“In this case, she can get her iqama transferred to her father’s (guardian) work permit,” advised Khan. He said that if a woman does not have a guardian (father/husband), then the respective consulate’s community welfare department in the Kingdom can be declared as her guardian and a third party. “However, consulates take sponsorship in rare cases and the woman is deported to her country immediately if she does not have a mahram (eligible close relative according to Shariah) for her guardianship,” added Khan.
Dr. Pretty Agarwal (name changed), an Indian, is sponsored by a private hospital in Jeddah where she is employed. She married a colleague nine years ago and has continued with her job ever since by obtaining a ‘no objection certificate’ (NOC) from her husband. “Her employer is not entitled to her sponsorship directly without the permission of her husband/father/guardian/consulate,” said Khan.
After marriage, preference for sponsorship is given to the husband rather than the wife’s employer. She can work only after submitting an NOC issued by her husband stipulating that she is permitted to continue working under the same sponsor. However, it should be proved that the person who has issued the NOC is her husband. “The Shariah law is very strict with regard to the policy of the wife’s employment. Unless the wife’s name is entered in her husband’s residentce permit, it is not proved that he is her husband,” said Khan.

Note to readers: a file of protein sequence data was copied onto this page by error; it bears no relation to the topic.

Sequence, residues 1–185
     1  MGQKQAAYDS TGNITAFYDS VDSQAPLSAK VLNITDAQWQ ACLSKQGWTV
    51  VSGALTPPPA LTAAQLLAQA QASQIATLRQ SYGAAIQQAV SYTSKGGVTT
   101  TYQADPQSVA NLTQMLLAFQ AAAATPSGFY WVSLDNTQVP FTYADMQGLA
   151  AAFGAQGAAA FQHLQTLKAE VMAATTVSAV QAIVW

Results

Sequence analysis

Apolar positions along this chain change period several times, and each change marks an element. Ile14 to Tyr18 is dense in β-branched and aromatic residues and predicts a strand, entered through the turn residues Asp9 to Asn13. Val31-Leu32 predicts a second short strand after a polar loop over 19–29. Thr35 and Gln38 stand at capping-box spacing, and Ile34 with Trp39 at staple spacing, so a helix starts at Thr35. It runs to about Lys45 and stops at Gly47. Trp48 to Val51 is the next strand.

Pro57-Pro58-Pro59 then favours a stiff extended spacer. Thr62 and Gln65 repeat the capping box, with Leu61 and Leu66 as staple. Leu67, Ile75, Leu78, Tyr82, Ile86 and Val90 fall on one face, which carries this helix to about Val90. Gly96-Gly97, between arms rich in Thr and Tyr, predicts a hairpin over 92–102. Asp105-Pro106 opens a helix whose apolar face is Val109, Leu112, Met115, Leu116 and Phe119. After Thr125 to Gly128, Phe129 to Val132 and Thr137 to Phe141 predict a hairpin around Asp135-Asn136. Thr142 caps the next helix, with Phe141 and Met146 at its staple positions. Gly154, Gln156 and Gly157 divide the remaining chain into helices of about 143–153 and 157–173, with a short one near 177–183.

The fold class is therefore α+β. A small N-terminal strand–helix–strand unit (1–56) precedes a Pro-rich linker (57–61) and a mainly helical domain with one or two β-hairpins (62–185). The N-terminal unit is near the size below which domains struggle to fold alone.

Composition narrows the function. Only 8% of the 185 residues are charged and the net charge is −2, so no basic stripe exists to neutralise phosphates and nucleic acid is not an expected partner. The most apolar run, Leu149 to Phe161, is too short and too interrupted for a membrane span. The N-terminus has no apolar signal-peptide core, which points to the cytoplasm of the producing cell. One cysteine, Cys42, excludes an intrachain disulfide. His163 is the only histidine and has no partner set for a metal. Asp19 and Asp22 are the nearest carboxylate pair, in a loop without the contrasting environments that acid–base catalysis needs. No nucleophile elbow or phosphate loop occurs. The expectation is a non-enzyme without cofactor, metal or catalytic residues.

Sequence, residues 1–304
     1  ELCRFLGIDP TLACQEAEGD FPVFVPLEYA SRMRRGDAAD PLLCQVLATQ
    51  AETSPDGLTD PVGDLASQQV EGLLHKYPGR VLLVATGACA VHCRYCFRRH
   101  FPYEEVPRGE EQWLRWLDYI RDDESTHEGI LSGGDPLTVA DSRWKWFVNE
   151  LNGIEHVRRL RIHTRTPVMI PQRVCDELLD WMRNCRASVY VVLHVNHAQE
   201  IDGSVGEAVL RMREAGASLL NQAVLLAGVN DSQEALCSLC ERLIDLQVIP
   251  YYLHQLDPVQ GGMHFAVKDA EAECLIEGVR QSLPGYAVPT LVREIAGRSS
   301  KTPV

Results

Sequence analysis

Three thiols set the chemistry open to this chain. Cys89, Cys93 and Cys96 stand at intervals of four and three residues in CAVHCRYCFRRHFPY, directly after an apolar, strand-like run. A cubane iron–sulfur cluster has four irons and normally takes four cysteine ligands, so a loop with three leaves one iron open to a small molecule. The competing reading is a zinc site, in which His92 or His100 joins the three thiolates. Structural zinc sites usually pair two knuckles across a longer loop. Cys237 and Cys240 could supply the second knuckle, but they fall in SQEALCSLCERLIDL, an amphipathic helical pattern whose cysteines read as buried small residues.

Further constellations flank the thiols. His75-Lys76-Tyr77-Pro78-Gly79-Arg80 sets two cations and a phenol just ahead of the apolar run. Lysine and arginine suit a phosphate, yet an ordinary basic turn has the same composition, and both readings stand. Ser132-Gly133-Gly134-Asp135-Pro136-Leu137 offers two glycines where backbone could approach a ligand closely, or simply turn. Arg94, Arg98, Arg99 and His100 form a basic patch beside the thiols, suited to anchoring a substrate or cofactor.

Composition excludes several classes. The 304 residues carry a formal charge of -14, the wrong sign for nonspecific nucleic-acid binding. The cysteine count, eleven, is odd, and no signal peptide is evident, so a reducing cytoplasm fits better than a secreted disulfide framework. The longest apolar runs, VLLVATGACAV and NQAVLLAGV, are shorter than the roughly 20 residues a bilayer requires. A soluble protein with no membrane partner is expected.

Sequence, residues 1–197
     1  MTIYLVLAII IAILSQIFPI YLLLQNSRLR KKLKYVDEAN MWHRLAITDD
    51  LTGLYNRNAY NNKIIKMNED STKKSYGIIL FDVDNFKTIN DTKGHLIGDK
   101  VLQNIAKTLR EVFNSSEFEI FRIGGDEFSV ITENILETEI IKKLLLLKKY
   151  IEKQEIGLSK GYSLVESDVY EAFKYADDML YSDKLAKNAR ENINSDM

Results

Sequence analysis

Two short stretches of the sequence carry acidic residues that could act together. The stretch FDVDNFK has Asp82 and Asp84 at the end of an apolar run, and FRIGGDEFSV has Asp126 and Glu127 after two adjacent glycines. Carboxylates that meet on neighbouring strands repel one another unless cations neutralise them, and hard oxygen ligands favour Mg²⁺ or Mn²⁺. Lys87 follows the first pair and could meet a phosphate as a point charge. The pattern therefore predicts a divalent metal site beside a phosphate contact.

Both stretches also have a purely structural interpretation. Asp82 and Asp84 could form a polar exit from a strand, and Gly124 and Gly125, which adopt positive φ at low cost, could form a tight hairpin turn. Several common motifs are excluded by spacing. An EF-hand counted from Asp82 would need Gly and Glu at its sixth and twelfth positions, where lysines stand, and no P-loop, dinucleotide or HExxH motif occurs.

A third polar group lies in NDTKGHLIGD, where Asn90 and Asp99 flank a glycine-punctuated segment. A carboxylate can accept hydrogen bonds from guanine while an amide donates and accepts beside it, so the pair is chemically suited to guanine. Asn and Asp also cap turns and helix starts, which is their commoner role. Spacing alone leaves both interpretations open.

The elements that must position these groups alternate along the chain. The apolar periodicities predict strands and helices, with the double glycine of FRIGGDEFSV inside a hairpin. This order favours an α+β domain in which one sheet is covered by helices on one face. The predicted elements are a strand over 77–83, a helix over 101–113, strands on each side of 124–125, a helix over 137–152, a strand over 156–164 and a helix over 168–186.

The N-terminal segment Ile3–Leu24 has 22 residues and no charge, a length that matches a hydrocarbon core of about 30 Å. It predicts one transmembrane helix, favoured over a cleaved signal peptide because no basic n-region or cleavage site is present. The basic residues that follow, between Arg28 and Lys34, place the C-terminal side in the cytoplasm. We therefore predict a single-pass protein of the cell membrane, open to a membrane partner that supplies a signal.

When Dr. Agarwal’s husband lost his job a few years back, he came back to the Kingdom on his wife’s sponsorship. “If any woman initially works under a sponsorship, she is eligible to apply for her husband’s visa. However, this is irrelevant if both are employees,” Khan said.
He said a penalty of SR2,000 can be levied on the wife’s employer if her name is not found on her husband’s residence permit.
“However, there is no penalty if she is under her father’s iqama. As per local laws, she is not allowed to work unless the employer hiring her sponsors her,” Khan said.
At the time of registering the ‘nikah’ at the Ministry of Justice (Mehakmah Wizarat Al-Adal), details of the spouses’ parents are requested by the authorities, which with the instructions of the wife are immediately transferred to her husband’s residence permit, while also excluding the same from her father’s guardianship. “The passport department (Jawazat) does this within an hour for a fee of SR2,000, which is the same as that paid for any other general iqama transfer services,” Khan said.
He said in many long-pending cases, the husband’s salary is low because of which he does not sponsor his wife.
“This can be a problem at the time of iqama renewal. Moreover, in case of the wife’s delivery, hospitals do not admit the wife without any documentary proof of marriage. Hospitals not following this rule can be charged with a penalty of SR10,000 and the responsible doctor is punishable under the Saudi penal court,” said Khan.